The Complex Meaning Behind One of Christmas’s Most Enduring Symbols

One of the most recognizable scenes of Christian art, the Nativity may be surpassed in popularity only by the Crucifixion, its historical counterpoint. Nativity scenes recount the birth of Christ and his adoration, which is narrated tersely in the Gospels of Luke and Matthew. For centuries, the centrality of the subject for the Christian religion meant that it attracted the wealthiest patrons and most acclaimed artists. Many examples of the scene are deemed masterpieces of art in their own right—Duccio’s Nativity with the Prophets Isaiah and Ezekiel (1308/1311), for example, or Domenico Ghirlandaio’s Nativity and Adoration to the Shepherds (1485)—and emblematic of major artistic movements and innovations. Below, we highlight this enduring symbol’s key developments over the last 1,700 years.



The First Nativities

The earliest depictions of the Nativity were very different from our current conception; they typically formed part of a larger cycle narrating the life of Christ carved into the surfaces of Roman sarcophagi, thus bringing the message of death inherent to a sarcophagus in direct relationship to the most important birth in the history of Christianity. 

Sarcophagus from San Giacomo in Settimiana, Via della Lungara, Museo Nazionale, Rome, c. 330-340, marble. This early Nativity is very similar to the first securely dated example of the Nativity in history.

The earliest securely dated example of the Nativity scene is from 343 A.D., from a sketch of a now-lost fragment of a sarcophagus from the catacombs of Saints Marcellinus and Peter in Rome. It depicts the infant wrapped in swaddling cloths, lying in a trough close to the ground, surrounded by an ox, an ass, two shepherds, and a tree. In other words, this sculpted scene contains several of the main components of what would become the Nativity’s standard composition. Notably, Mary is absent. It was only with changes in Christianity, as her status as the human bearer of God became solidified in the next century, that she became an indispensable part of Nativity scenes.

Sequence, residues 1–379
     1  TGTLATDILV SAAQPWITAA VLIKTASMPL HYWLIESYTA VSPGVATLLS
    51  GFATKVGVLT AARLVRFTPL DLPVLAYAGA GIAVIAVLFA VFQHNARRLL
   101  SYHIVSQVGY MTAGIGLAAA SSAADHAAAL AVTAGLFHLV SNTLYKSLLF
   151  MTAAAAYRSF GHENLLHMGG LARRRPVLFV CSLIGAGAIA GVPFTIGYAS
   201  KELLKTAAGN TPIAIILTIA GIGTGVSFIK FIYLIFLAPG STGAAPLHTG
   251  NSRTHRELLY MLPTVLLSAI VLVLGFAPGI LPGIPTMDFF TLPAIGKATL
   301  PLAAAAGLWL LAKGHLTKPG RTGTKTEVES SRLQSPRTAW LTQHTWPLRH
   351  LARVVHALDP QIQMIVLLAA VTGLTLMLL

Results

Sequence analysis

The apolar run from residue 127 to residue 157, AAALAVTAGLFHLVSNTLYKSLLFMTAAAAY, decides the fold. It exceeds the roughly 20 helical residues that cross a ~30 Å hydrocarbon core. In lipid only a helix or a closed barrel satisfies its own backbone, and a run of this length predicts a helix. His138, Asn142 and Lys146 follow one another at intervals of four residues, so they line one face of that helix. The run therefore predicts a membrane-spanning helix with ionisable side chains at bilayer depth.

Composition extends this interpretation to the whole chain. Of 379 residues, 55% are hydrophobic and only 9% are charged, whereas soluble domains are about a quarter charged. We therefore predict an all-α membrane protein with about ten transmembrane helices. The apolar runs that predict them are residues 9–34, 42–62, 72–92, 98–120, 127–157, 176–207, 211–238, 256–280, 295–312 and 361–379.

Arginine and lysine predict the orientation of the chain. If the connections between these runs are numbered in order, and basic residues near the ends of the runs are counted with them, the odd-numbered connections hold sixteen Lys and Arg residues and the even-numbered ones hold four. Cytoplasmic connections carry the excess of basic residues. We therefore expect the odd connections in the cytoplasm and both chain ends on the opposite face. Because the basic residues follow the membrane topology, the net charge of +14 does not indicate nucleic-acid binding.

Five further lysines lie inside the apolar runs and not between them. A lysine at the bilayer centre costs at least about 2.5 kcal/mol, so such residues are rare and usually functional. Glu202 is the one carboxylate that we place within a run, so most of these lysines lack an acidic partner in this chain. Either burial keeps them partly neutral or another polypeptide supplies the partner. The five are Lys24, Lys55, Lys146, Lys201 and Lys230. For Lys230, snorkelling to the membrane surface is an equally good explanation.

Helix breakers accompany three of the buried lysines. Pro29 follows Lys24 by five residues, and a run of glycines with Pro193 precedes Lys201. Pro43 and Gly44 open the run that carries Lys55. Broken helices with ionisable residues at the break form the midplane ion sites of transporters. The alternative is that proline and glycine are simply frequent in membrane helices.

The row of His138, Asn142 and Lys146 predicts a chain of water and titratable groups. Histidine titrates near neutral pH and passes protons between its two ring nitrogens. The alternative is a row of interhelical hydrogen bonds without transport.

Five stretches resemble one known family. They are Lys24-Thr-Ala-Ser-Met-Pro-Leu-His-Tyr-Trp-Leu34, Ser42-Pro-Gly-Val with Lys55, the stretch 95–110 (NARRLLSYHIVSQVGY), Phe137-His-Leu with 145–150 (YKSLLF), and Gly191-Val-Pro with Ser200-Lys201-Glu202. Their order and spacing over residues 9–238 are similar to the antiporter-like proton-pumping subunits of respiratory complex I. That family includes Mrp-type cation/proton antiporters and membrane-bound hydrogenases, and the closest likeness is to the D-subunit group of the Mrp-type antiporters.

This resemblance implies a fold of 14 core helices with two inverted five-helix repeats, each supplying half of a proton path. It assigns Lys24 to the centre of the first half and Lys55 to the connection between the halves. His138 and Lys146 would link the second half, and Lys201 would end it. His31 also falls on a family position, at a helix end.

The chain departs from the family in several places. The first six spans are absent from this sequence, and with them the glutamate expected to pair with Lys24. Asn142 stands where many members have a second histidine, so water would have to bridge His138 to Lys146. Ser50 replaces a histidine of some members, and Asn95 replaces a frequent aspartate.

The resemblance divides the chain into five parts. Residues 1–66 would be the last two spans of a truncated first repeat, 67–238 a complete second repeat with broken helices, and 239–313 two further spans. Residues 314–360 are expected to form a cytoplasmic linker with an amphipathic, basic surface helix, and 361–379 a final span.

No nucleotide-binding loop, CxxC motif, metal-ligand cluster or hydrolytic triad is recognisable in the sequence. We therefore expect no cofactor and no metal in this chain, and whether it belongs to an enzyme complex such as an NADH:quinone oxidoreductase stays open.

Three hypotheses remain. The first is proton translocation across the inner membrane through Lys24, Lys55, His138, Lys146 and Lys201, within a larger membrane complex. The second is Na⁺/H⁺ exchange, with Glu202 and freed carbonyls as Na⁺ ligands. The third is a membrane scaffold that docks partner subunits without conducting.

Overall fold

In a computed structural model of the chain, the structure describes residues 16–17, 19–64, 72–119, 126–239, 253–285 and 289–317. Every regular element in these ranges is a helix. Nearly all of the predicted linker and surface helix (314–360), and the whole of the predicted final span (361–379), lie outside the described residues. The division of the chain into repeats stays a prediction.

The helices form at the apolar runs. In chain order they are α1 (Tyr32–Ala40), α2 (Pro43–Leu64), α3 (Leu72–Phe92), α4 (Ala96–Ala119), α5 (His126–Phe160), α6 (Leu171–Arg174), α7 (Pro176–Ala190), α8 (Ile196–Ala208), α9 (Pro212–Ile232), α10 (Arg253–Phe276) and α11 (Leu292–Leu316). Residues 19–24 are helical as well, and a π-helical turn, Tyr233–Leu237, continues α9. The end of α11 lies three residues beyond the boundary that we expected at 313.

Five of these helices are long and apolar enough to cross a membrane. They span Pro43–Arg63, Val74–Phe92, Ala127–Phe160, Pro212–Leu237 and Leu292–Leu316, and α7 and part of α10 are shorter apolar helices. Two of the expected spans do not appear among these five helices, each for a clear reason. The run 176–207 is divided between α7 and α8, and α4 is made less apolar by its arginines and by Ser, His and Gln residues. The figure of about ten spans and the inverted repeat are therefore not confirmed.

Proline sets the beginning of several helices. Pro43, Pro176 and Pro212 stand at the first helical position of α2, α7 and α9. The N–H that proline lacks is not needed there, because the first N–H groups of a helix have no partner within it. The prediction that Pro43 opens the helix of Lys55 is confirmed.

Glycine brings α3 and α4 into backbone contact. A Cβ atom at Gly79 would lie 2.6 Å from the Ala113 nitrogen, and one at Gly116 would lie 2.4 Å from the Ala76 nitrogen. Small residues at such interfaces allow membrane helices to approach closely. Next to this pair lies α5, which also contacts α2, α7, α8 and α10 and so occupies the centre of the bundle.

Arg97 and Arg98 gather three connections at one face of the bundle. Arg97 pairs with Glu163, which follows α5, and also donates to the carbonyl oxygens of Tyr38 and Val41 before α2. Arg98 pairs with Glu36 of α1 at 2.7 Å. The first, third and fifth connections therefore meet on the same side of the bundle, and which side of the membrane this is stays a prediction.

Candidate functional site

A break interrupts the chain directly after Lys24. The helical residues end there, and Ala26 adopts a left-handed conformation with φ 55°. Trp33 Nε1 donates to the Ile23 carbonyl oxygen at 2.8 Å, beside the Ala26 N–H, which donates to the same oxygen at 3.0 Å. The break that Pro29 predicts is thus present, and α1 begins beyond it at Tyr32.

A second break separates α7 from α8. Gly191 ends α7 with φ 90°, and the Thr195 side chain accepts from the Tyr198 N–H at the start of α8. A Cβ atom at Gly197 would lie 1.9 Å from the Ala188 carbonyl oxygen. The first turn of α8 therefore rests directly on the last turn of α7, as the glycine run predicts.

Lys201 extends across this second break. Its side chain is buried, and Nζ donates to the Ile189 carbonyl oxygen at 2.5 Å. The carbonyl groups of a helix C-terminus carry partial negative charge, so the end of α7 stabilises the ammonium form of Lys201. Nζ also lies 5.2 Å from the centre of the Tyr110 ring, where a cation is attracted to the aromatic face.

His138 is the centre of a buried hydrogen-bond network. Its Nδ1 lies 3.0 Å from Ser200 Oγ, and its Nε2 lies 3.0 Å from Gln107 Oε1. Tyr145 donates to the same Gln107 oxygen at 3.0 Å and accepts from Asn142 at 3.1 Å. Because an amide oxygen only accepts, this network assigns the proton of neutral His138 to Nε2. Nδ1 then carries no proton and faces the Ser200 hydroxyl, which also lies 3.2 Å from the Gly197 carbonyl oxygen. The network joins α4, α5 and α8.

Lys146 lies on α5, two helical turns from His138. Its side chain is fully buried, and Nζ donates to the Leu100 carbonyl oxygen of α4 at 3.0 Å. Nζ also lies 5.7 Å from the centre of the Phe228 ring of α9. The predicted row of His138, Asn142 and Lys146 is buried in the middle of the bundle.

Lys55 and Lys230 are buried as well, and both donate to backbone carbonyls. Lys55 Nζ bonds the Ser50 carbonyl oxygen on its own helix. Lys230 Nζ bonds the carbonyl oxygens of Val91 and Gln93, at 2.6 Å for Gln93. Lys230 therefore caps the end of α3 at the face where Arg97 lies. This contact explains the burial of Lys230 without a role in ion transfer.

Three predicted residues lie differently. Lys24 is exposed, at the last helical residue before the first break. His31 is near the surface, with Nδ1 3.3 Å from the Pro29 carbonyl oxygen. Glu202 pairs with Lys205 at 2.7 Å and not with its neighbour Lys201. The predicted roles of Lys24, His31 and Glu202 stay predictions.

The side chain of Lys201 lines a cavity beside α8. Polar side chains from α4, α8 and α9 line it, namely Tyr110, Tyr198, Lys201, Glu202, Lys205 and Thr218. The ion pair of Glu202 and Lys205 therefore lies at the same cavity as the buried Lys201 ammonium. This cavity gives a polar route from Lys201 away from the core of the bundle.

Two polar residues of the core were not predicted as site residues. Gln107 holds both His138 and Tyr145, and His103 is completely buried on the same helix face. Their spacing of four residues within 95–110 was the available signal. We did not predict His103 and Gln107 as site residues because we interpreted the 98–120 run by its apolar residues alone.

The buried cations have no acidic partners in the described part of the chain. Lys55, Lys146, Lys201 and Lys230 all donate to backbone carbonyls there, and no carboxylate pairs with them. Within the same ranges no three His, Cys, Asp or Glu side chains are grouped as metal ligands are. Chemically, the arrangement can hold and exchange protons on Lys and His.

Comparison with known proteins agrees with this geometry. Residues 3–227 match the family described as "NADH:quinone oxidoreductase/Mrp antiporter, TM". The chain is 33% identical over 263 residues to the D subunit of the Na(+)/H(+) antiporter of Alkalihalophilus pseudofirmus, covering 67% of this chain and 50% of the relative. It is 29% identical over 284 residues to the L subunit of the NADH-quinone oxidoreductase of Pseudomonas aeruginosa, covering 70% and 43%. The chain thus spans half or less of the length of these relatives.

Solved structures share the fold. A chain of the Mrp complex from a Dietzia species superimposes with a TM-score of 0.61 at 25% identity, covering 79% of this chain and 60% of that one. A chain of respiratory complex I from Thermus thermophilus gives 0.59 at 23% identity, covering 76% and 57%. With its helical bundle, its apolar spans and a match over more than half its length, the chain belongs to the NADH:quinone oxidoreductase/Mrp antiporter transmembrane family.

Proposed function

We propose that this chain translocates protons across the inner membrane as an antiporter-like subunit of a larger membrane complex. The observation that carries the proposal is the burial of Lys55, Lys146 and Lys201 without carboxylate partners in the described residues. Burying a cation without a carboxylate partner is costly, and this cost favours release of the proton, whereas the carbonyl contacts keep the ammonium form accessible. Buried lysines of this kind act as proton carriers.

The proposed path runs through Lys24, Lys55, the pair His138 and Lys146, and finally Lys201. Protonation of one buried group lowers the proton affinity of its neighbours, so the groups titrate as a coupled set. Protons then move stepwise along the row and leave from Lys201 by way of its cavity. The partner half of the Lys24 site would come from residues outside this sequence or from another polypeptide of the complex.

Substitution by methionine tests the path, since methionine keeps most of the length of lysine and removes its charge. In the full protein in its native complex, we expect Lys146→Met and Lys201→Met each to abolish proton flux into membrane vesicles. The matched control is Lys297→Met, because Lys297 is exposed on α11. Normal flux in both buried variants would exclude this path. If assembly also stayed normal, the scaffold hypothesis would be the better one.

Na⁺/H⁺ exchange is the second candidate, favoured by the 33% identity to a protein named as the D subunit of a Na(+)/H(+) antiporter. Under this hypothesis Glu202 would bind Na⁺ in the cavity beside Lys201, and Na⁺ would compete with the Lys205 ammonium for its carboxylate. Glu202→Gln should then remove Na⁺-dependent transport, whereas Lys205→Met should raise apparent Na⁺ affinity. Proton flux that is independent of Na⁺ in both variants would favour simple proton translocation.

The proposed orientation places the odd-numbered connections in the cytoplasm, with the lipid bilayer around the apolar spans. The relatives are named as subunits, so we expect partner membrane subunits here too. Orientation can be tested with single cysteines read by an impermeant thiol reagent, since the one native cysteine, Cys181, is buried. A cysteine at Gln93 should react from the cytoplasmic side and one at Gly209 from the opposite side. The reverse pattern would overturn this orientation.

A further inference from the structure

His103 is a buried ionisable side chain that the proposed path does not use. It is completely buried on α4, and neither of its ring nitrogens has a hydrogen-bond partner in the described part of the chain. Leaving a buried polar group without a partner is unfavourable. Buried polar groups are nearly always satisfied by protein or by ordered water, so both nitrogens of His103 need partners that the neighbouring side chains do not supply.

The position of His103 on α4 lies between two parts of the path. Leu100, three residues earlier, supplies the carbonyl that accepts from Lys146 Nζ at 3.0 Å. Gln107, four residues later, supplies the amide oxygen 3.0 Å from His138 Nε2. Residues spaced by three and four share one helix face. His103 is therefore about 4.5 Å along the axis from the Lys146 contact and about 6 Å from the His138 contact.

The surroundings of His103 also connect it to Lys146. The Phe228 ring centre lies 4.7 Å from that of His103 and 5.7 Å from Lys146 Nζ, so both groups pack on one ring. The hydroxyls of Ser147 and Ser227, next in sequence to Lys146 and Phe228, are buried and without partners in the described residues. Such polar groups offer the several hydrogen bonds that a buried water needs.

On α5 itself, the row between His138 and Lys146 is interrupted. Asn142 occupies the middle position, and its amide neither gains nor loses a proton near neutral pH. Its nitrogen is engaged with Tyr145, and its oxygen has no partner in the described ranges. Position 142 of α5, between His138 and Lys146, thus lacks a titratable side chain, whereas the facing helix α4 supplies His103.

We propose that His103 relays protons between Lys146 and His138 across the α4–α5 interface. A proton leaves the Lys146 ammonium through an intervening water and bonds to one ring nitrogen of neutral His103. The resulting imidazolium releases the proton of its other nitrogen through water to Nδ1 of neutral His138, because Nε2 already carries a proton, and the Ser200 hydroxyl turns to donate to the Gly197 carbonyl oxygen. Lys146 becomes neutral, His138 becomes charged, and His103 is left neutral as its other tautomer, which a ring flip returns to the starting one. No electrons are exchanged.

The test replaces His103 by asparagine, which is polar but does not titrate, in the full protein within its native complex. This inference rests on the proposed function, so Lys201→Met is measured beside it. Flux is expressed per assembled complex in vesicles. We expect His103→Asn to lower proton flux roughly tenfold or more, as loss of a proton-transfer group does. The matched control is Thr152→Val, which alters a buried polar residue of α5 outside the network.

Diverging Traditions in East and West 

Over the course of the next millennium, separate traditions for the composition emerged in the East and West, accompanying the split between the Roman Catholic Church and the Eastern Orthodox (Byzantine) Church. The particular significance of the Nativity stemmed from the fact that it showed Christ as a human, his incarnation being an indispensable part of the economy of salvation in early and medieval Christianity. (The economy of salvation is the notion of God’s plan for the redemption of mankind through Christ’s incarnation from an earthly mother and his predestined sacrifice). Indeed, even as the Eastern Orthodox and Western iconographic traditions diverged, what remained central to both was the connection between Christ’s birth and his sacrifice, and Nativity scenes were thus elaborated to include allusions to the Crucifixion (Christ’s execution). These scenes came to communicate opposing ideas of sin and redemption, good and evil.

Perhaps the best-known example of this development is Gentile da Fabriano’s Nativity, painted between 1420 and 1422. It shows a novel scene: Mary adoring the infant Christ, an image that emerged around 1300 in connection with mysticism and Franciscan devotional writings. There is innovation, too, in the treatment of Mary; she is shown isolated, pushed to the foreground, and elevated to the most important protagonist in the scene. The naked child appears at the center of the composition as a sacrificial offering. In this way, Gentile turns the Nativity scene into a devotional icon, with Mary acting as exemplar for the viewer’s prayer. Strikingly, this work thus acknowledges the viewer, a shift characteristic of the 15th-century interest in creating close-ups of narrative scenes and powerful, almost cinematic imagery.



Creative Nativities in the Renaissance